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Why do lawyers refer to long documents as briefs and
18-year olds as infants? Why do they use so much Latin when so few of their
clients are Ancient Romans? Is it a conspiracy?

Party of the First Part has the answers! Check out the Website for the
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Wednesday, September 26, 2007

Until death . . . and then some

All eyes on the New Jersey Supreme Court as they weigh in on the meaning of that oh-so-controversial word: "spouse."

Here's the question: is a widower still a "spouse?"

The New York Post reports on the long-running battle over the estate of Johnson & Johnson heir John Seward Johnson, Jr., who established a trust in 1961 for the benefit of his children and grandchildren and their "spouses." Broadway producer Marty Richards was married to one of those children -- Mary Lee Johnson -- until Mary Lee's death in 199o. Despite Mary's death, Richards claims that he is still a "spouse" within the meaning of the trust.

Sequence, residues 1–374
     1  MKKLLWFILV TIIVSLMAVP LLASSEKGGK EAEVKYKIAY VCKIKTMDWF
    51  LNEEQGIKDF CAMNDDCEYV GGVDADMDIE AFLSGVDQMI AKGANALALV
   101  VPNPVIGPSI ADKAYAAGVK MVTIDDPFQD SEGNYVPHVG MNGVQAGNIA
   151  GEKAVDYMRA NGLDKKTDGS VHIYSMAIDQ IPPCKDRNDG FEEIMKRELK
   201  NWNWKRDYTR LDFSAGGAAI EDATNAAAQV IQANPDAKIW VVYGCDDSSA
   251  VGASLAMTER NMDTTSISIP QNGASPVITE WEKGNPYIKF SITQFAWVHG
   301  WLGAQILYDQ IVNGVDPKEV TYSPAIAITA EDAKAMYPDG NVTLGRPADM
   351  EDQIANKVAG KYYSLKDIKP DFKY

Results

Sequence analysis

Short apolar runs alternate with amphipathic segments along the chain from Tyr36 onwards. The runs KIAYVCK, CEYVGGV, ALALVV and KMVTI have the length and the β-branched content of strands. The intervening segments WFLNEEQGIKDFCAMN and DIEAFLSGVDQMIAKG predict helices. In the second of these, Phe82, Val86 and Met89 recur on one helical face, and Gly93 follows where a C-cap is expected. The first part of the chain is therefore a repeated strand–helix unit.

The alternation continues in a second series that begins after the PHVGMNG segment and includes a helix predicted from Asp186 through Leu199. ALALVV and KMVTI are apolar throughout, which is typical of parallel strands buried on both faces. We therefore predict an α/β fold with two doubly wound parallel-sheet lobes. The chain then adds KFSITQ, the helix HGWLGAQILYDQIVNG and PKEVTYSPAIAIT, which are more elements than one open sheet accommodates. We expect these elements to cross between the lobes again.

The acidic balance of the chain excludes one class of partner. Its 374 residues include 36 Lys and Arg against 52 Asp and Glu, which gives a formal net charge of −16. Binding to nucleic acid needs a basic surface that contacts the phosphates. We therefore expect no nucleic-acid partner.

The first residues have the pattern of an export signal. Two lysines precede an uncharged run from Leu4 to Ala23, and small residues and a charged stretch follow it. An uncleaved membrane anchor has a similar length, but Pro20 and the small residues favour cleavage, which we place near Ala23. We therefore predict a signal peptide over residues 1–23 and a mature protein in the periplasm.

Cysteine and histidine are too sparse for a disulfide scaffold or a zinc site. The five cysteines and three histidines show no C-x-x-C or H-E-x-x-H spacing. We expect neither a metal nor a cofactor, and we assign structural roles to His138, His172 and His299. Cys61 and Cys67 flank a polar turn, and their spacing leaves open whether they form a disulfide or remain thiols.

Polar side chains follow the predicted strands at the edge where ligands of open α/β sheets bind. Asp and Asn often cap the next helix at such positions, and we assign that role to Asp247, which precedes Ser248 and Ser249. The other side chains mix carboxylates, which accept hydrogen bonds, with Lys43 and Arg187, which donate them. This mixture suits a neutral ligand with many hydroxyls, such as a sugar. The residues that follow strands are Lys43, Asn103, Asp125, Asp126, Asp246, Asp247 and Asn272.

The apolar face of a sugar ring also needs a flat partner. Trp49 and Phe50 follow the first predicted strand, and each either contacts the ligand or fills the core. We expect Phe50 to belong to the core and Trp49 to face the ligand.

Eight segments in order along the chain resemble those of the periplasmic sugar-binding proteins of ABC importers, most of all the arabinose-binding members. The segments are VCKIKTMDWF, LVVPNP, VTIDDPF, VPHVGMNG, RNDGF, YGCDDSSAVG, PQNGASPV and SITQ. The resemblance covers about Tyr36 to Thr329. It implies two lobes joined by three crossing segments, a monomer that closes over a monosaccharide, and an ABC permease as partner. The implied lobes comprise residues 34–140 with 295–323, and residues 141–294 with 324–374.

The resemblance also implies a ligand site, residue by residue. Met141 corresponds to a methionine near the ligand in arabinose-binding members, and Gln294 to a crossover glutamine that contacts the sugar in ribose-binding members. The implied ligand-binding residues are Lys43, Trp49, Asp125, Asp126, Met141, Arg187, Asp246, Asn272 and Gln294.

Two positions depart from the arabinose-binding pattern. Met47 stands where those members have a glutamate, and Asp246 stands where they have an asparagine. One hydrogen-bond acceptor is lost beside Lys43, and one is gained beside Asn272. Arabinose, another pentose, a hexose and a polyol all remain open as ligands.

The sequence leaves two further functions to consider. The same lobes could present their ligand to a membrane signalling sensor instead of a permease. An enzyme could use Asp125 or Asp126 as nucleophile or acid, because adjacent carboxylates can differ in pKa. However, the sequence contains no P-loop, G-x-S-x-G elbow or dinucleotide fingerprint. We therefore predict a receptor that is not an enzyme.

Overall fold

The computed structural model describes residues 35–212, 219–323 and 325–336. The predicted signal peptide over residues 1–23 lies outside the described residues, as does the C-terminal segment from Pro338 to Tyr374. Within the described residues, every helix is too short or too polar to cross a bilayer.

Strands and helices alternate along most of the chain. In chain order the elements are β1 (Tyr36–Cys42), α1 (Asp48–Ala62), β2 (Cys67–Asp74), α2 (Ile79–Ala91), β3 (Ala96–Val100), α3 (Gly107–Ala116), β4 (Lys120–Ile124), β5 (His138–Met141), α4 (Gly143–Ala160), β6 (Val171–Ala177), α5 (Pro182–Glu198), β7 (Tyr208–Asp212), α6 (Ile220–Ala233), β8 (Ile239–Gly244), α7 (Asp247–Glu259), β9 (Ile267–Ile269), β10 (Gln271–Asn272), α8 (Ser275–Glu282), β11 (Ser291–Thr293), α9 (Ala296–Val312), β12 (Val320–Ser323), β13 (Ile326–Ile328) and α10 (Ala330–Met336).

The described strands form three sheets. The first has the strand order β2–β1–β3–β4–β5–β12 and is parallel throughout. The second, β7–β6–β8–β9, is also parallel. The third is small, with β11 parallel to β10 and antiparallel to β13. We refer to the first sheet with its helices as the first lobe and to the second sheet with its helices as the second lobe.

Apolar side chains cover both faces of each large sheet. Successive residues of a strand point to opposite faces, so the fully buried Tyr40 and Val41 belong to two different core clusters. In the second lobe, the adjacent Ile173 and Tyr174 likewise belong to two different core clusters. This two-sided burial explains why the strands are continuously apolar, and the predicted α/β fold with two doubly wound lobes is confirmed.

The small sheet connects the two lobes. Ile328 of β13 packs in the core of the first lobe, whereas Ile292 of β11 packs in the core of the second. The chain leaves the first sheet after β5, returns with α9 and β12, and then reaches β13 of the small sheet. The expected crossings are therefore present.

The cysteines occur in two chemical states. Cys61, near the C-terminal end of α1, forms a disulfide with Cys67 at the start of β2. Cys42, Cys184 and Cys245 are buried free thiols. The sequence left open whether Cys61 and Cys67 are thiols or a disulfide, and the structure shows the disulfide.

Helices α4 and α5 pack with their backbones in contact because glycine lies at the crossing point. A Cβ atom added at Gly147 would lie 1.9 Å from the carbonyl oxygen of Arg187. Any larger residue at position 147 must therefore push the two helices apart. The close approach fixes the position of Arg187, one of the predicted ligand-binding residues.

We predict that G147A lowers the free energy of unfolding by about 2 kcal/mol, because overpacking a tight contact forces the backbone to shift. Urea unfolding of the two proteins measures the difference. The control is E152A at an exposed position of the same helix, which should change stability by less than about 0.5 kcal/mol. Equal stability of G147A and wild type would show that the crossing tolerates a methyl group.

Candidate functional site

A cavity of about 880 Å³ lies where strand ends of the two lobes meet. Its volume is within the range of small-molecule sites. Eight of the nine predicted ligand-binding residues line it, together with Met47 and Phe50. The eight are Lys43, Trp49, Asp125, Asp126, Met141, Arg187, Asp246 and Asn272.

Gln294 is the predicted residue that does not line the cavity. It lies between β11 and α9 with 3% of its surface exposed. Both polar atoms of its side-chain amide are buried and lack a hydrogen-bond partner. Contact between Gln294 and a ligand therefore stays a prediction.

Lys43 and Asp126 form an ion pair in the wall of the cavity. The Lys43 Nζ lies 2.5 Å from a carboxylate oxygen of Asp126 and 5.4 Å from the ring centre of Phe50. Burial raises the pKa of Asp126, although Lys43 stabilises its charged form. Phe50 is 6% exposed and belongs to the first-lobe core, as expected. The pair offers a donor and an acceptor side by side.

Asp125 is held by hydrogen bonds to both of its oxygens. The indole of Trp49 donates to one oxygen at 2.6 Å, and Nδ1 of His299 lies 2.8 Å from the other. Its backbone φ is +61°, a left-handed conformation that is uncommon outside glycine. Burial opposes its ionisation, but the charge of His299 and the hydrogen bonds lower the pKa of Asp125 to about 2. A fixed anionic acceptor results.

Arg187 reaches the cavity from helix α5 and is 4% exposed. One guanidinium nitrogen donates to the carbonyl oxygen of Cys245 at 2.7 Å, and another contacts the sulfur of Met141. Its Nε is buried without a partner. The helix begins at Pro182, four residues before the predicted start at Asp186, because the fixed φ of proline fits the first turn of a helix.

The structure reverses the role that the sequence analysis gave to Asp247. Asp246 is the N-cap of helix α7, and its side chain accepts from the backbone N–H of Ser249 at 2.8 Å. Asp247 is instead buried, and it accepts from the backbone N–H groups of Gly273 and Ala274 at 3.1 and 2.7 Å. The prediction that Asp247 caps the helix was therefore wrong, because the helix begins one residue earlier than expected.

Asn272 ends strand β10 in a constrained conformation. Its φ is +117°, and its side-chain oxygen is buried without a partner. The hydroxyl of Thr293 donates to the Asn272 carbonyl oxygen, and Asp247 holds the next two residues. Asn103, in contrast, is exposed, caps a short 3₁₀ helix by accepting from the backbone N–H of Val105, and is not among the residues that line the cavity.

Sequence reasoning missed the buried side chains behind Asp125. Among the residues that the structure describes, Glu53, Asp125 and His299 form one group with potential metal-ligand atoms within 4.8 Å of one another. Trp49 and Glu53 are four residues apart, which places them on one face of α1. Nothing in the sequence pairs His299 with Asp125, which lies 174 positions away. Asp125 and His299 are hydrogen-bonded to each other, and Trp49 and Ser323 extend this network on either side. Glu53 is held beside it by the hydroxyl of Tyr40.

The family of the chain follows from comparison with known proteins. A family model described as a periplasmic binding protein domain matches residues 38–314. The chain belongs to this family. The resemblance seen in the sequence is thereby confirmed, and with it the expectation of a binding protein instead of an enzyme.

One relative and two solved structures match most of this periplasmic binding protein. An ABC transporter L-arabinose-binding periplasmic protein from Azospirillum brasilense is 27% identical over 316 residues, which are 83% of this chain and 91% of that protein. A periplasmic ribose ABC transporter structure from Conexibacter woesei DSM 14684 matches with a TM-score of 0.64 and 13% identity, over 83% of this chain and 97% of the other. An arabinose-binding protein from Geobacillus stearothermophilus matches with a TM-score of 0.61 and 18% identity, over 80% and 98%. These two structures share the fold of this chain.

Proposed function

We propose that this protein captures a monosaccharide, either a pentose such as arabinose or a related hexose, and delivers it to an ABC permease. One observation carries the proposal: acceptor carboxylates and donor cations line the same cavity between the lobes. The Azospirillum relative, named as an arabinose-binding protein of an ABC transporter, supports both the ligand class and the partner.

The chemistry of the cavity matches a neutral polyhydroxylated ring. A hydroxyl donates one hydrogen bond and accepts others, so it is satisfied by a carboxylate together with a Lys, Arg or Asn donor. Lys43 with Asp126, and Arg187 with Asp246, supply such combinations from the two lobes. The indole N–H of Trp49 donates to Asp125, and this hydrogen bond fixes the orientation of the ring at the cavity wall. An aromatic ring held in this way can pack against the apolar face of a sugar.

In 1996, a Superior Court judge ruled against Richards, holding that widowers don't count as "spouses." But then an appellate court reversed, ruling that widows remain spouses, although divorcees do not. As they say on Broadway: on with the show!